You wrote that “studies on the success of privatization… are a ‘wash’ – each of us can find support for our positions.” This is simply not true. As I’ve noted, the research findings comparing market to monopoly schooling all over the world favor markets by a margin of 15 to 1. That’s based on the most comprehensive literature review to date. Social science, while imperfect, is science. And on this point, it is unambiguous.

As for your statement that South Carolina significantly and systematically underfunds rural black districts along the I-95 corridor, I decided to check it out. Using this year’s data from South Carolina’s General Appropriations spending bill, I calculated the average expenditure per pupil: $11,815. For rural districts along the I-95 corridor, it comes to $11,743 – a difference of $72.

You’ve said that, in the wake of the civil war, some middle-class blacks excluded lower-class blacks from their private schools. If that’s true, I would certainly join you in lamenting their behavior. But who is guilty of this cruelty today? Who is currently trying to keep poor young blacks from getting easier access to private schools? The NAACP supports scholarships for low-income students to attend private colleges, but fiercely opposes the same practice at the elementary and high school levels. Who’s blocking the schoolhouse door now?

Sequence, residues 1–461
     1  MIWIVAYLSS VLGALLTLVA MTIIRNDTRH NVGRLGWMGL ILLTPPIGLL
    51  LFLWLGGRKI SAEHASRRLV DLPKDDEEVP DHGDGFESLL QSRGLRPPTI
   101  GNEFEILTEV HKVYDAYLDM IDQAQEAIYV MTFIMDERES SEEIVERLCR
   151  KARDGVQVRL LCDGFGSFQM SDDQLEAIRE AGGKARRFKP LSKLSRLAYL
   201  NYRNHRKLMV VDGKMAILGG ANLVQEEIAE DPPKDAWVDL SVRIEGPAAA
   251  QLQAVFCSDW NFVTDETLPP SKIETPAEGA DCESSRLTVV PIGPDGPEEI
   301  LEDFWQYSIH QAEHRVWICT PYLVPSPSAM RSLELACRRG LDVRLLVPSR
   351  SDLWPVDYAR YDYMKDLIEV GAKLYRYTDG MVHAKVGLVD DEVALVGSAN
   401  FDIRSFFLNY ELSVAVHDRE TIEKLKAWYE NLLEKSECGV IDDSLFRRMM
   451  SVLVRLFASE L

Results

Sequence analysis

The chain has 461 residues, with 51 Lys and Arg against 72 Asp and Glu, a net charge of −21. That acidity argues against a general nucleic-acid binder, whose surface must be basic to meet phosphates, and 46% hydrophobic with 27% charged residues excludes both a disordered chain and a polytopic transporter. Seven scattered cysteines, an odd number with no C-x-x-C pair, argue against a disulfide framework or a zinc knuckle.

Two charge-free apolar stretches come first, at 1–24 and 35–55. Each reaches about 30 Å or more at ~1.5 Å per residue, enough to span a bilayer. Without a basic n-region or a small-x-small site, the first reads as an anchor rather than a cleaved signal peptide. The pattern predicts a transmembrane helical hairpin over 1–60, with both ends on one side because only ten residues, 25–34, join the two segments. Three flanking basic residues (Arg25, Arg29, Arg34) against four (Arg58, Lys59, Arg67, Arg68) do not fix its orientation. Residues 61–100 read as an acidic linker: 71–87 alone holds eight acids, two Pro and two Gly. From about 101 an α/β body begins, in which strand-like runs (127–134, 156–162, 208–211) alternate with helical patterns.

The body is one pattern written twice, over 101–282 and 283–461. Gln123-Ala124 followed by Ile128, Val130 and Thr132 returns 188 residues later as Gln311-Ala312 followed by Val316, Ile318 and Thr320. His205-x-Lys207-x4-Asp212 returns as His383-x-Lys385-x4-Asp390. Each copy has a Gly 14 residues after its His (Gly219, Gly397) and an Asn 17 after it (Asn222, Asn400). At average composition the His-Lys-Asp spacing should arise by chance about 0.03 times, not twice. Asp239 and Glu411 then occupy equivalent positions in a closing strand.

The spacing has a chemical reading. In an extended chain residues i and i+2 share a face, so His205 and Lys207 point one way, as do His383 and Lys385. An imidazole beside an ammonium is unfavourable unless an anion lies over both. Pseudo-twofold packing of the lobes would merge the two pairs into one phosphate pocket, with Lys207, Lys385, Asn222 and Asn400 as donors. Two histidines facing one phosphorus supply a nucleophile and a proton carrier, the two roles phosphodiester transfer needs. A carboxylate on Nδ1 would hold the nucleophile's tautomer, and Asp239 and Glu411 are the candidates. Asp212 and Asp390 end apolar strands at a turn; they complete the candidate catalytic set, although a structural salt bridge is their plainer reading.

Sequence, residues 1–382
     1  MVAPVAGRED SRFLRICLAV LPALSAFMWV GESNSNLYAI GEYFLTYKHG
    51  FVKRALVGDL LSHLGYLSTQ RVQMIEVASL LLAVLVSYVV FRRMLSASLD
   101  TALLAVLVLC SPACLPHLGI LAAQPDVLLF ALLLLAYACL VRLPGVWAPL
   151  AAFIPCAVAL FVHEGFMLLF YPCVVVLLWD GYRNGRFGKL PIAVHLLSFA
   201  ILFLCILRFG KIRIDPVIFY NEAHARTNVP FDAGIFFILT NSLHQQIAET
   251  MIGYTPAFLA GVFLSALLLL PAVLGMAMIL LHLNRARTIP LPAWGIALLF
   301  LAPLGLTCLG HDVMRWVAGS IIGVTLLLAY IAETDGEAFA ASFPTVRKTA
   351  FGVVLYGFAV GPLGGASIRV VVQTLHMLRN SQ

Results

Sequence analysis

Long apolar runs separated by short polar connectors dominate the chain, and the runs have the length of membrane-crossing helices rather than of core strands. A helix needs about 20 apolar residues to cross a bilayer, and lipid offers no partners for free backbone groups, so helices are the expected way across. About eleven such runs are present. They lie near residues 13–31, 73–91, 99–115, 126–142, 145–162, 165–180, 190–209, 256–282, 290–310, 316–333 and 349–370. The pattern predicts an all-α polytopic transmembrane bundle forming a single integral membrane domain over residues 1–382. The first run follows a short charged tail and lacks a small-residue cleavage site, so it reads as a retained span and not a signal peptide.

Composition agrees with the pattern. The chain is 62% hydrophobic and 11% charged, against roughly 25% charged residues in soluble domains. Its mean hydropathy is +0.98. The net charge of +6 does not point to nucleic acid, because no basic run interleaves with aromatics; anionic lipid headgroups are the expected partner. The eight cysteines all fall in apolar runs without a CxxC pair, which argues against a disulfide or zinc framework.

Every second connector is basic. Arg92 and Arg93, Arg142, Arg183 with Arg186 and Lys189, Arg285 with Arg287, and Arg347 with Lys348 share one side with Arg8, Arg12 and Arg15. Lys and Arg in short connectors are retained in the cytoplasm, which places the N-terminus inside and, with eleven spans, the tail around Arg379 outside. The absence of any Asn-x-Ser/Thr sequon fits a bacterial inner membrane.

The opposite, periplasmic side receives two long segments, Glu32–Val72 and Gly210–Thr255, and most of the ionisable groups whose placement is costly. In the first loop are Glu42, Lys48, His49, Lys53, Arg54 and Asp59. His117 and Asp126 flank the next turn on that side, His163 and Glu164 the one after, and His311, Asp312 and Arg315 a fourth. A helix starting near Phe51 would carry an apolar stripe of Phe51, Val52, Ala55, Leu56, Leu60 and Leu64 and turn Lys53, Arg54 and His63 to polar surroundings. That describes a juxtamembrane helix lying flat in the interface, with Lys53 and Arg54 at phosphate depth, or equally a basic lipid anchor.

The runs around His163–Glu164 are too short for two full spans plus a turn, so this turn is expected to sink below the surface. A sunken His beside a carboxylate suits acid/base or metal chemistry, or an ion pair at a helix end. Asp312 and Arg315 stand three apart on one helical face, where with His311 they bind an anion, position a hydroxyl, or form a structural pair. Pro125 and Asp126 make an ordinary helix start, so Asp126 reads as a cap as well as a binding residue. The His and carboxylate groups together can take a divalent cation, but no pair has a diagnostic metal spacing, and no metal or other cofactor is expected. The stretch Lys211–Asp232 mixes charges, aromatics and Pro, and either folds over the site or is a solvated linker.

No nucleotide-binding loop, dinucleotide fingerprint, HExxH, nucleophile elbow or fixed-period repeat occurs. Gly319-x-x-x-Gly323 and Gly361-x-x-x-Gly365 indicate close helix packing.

Fortunately, school choice is advancing despite such misguided opposition. There are dozens of choice programs around the nation, and the best among them are growing rapidly and with bi-partisan support. Some black leaders of your own generation, such as South Carolina Senator Robert Ford, have gotten on board. Even more of the next generation of black leaders, from Corey Booker in New Jersey to Kevin Johnson in Sacramento, are on board as well. And some of the most eloquent voices in support of educational freedom are beneficiaries of school choice.

Perhaps, if you talk with some of the tens of thousands of families benefitting from school choice around the country, you’ll be convinced to join them aboard the educational freedom train. It’s pulling out of the station regardless.

In closing, I’d like to thank you for participating in this exchange. I hope people on all sides of the debate have found it useful.

***

Andrew Coulson is director of the Cato Institute’s Center for Educational Freedom, and author of Market Education: The Unknown History.